It wasn't quite the San Francisco 49ers' defense in February, but Flacco, wearing a red non-contact jersey and black shorts, was very much in his element leading the Ravens' offense.
"He leads by the way he plays," said new Ravens linebacker Elvis Dumervil, who as a Denver Bronco last year, was on the wrong end of Flacco's playoff resurgence. "You saw that definitely in the playoff game. He did an outstanding job. He orchestrated that offense real good and he's doing the same out here so it's no surprise."
Flacco maintains that he was able to enjoy a "normal" offseason if there is such a thing for a Super Bowl-winning quarterback who enjoyed one of the best postseasons ever by a signal caller. After an uneven regular season that saw his long-time offensive coordinator get fired in December and spurred more questions about his ability to lead the Ravens to a Super Bowl, Flacco threw 11 postseason touchdowns and zero interceptions.
He was at his best in Super Bowl XLVII, burning the 49ers for 287 yards and three first-half touchdowns. He was named the game's Most Valuable Player and the resulting trip to Disney World was one of several perks that the low key quarterback would enjoy.
Flacco was a guest on the Late Show with David Letterman, spent some time in New York for fashion week and even his routine trips to McDonald's or the airport drew onlookers and amateur photographers.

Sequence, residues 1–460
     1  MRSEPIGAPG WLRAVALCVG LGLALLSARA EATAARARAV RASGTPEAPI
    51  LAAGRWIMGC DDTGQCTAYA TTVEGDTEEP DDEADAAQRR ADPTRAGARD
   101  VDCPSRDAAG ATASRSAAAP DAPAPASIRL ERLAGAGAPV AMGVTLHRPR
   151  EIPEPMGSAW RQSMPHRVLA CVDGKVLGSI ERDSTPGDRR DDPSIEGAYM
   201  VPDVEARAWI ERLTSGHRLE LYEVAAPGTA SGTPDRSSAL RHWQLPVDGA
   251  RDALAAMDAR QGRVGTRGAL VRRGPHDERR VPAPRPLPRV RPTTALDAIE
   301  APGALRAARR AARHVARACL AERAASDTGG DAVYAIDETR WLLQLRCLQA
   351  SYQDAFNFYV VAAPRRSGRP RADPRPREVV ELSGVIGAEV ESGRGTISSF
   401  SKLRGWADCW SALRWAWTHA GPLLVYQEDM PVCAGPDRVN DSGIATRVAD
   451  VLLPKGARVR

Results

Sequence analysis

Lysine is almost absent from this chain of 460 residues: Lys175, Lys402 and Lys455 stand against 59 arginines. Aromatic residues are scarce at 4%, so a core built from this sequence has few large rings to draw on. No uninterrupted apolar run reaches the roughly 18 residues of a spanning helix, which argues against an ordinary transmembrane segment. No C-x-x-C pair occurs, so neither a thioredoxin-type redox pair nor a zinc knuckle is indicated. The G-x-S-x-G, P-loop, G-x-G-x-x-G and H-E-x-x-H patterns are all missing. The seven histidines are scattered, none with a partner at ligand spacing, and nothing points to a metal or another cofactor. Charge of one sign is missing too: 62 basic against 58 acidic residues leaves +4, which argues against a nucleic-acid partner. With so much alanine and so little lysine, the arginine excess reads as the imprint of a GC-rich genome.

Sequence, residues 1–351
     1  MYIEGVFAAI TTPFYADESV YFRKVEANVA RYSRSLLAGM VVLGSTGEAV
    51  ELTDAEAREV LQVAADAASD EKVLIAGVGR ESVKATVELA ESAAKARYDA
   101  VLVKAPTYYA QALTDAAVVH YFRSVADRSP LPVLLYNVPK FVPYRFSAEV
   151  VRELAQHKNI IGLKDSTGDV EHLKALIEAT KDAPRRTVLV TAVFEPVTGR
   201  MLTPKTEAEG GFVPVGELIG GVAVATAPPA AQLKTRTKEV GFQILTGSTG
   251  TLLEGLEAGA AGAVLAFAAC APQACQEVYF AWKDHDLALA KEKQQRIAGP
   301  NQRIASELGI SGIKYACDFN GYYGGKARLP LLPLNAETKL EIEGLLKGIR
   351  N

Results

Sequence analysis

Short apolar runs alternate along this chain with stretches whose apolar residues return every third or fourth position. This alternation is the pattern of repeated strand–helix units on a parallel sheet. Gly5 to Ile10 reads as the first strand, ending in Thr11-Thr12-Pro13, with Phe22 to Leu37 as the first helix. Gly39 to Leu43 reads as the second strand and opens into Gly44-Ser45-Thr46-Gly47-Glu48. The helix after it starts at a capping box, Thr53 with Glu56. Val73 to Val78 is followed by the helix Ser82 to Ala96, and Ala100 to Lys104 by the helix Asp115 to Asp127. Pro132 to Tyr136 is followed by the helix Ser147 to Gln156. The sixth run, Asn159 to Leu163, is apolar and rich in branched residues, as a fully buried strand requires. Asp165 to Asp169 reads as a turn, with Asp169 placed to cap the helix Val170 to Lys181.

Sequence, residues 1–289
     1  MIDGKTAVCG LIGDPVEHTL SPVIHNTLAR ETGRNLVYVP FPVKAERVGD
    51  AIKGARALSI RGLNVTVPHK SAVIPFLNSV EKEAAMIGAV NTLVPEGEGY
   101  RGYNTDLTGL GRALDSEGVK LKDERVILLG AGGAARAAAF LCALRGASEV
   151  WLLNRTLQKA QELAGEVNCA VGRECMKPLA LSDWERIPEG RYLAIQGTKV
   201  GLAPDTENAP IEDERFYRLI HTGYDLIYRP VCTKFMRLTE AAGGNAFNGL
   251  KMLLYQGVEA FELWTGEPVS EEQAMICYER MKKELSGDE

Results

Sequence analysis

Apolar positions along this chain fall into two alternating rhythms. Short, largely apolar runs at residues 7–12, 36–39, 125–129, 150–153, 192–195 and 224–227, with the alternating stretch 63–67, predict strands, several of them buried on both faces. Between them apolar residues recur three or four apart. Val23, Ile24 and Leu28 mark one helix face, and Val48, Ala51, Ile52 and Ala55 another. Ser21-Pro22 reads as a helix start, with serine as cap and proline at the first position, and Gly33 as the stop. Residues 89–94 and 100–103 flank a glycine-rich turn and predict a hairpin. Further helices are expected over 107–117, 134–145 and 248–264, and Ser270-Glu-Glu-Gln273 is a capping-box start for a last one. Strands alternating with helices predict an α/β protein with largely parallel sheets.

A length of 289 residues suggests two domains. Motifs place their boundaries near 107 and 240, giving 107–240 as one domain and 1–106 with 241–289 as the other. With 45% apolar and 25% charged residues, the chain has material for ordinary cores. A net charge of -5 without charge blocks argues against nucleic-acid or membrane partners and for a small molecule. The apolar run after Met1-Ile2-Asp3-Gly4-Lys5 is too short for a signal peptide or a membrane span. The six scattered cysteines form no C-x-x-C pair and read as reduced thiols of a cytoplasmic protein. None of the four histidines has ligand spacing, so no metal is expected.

He received even more attention and scrutiny when about a month after the Super Bowl, the potential free agent signed a six-year, $120.6 million extension that included $51 million in guaranteed money. At the time, it was the biggest contract ever given out to an NFL player, though Green Bay Packers quarterback Aaron Rodgers has since surpassed Flacco's deal.
"I honestly don't think too much about the contract. When I think about it, it's all good," Flacco said, drawing plenty of laughter. "I don't have a Super Bowl ring yet but I guess in a couple of weeks I will. When I think about that, it's all good. But I can honestly say, those things aren't something I think about every day and affect the way I come in here and perform. When somebody asks me, or every now and then when I have some down time and you happen to think about it or somebody brings it up, then yeah, you think about it and it has a good effect on your outlook on the day. But other than that, I can honestly say that it's pretty normal."
And for Flacco, what he now considers normal is working under the hot Maryland sun, barking out play calls and encouragement to teammates while leading an offense that is hoping to build off what it accomplished more than three months ago.
"We probably have a lot of new faces and a lot of young guys," Flacco said. "This will be my sixth year. It's tough to believe. I think we've always had a locker room where everybody kind of shares roles and you have so many guys that are very responsible and know how to go to work. I think that's why we've been able to continuously have success even though our team has changed a lot."